November is National Pet Cancer Awareness Month, so my PetMD Daily Vet articles are trending toward topics pertaining to cancer diagnosis and treatment.

 

The statistics about cancer in our pets are astounding and are definitely not in favor of our companion canines and felines.

 

According to PetCancerAwareness.org:

 

 

If you're not already aware, I have endured the process of putting my own pet through surgery and chemotherapy to resolve his cancer. It's been a challenging yet inspirational process that has taught me much about the integrative approach to Cardiff’s cancer care, where I combine Western (conventional) and Eastern (Chinese medicine) approaches to consider his disease and treatment from a holistic perspective (see links to Cardiff’s story and others on PetMD and Pet360 at the end of this article).

 

As a veterinarian, one of the top goals in my practice is to reduce the likelihood that my patients will be exposed to man-made and environmental toxins that could be carcinogenic (cancer-causing). Yet, sometimes you can strive to do your best in providing a non-toxic existence for your pet, but nature has another plan. Such was the case with Cardiff. 

 

I therefore felt an obligation to share my story as a pet owner and veterinarian dealing with cancer in his own canine companion through a documentary called My Friend: Changing the Journey. Terry Simmons, founder of the Canine Lymphoma Education Awareness and Research (CLEAR) Foundation, and the film’s director, Stacey-Zipfel Flannery, got me involved in the project, which was shot from early spring through summer 2014 and captured many aspects of Cardiff’s cancer treatment. The message I want to convey to other pet owners enduring the trials and tribulations of companion-animal cancer is that there’s hope out there to beat the disease.

 

Paige O’Hara, best known as the memorable voice of Bell from Disney’s Beauty and the Beast, narrated the film, which recently premiered at a fundraiser to benefit CLEAR foundation at the Vertigo Event Venue in Burbank, California. Laura Nativo, a pet-passionate professional dog trainer (CPDT-KA), pet lifestyle expert, and regular contributor to Hallmark Channel’s Home & Family, hosted the event.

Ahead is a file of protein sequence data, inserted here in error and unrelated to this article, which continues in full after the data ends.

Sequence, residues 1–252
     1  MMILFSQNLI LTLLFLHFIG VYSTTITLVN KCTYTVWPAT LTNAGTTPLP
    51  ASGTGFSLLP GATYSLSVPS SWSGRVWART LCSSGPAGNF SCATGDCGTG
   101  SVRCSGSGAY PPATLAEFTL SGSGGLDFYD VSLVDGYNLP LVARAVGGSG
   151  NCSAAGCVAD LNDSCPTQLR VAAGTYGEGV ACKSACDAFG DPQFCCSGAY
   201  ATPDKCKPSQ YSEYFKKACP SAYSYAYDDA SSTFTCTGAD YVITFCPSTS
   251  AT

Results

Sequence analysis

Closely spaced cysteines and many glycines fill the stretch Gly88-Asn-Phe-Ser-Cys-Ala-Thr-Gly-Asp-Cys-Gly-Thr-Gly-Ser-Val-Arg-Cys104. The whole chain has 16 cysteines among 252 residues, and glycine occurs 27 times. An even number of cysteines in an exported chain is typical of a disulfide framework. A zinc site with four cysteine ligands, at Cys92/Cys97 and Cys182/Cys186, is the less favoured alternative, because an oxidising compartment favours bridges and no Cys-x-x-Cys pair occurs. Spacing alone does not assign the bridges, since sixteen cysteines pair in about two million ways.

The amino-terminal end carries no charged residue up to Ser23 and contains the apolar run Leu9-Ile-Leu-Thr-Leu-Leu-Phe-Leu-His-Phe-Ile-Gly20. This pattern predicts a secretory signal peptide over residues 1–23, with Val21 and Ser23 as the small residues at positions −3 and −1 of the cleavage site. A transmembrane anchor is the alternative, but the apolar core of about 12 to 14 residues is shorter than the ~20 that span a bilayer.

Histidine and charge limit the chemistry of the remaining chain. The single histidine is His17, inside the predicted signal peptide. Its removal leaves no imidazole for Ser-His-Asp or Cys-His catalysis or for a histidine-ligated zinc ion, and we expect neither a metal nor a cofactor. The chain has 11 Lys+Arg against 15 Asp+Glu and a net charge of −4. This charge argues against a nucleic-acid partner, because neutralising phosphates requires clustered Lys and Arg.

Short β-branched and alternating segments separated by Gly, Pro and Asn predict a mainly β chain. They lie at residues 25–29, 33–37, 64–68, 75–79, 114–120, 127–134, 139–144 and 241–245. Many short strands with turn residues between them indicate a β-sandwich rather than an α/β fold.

Two days later, Nativo and I teamed to educate the Home & Family audience about pet cancer awareness. See the full segment here: Canine Cancer Awareness Month

 

It’s important that all pet owners are mindful of the clinical signs of cancer, which may vary from subtle to obvious. On a weekly basis, I work at the Veterinary Cancer Group  (VCG) in Culver City, CA, alongside veterinary oncologists who provide cutting-edge cancer treatments for dogs, cats, and other species. VCG also educates people on early illness recognition through their 10 Warning Signs of Cancer in Dogs & Cats, which can include:

 

  1. Persistent change in appetite and/or water intake

     

  1. A lump that is enlarging, changing, or waxing and waning in size

     

  1. Progressive weight loss or weight gain

     

  1. Non-healing sore or infection, such as persistent nail bed infection

     

  1. Abnormal odor

     

  1. Persistent or recurring lameness

     

  1. Chronic vomiting or diarrhea

     

  1. Persistent or recurring cough

     

  1. Unexplained bleeding or discharge

     

  1. Difficulty swallowing, breathing, urinating, or defecating

 

In addition to looking for the above clinical signs, I always stress that my clients have their pets undergo a physical examination by a veterinarian at least every 12 months (more frequently with sick animals and those regularly receiving medications). The eyes and hands of veterinarians are highly trained to seek out problems that may not be apparent to the average pet owner. Additionally, thorough history-taking can identify behavioral trends (decreased appetite, lethargy, etc.) that may not seem as serious to a canine or feline caretaker, but may raise concern in the overseeing veterinarian.

 

I hope your pets stay healthy and cancer-free throughout their lives. Should the diagnosis of cancer occur in your pet, I suggest pursuing a consultation with a veterinary oncologist. These specialty-trained veterinarians have dedicated their professional livelihoods to diagnosing and treating cancer and are better resources in determining the most appropriate course of action than are general practice veterinarians, who may only occasionally treat tumors and their associated problems. Ask your regular veterinarian for a referral or you can find a veterinary oncologist in your area via the American College of Veterinary Internal Medicine (ACVIM).

 

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The Hallmark Channel’s Home & Family, Mark Steines, Christina Ferrare, Laura Nativo, Cardiff, and Dr. Patrick Mahaney

 

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Premiere of My Friend: Changing the Journey; with Terry Simmons, Dr. Patrick Mahaney, Stacey Zipfel-Flannery, Cardiff, Phil Hammond

 

 

Dr. Patrick Mahaney

 

 

You can follow Hallmark Channel’s Home & Family on Twitter: @HomeAndFamilyTV

 

 

Image: Cardiff getting treatment

 

 

Related articles:

 

What Can Be Learned About Treating Cancer in Captive Apes?

 

A Doggy Birthday Party, Celebrities, and the CLEAR Foundation Fight Cancer with a Fundraiser

 

When Pets Complete Chemotherapy Are They Cancer-Free?

 

Unexpected Side Effects of Chemotherapy Treatment

 

Feeding Your Dog During Chemotherapy Treatment

 

Can a Veterinarian Treat His Own Pet?

 

How a Vet Diagnoses and Treats Cancer in His Own Dog

 

A Veterinarian's Experience with Treating His Dog's Cancer

 

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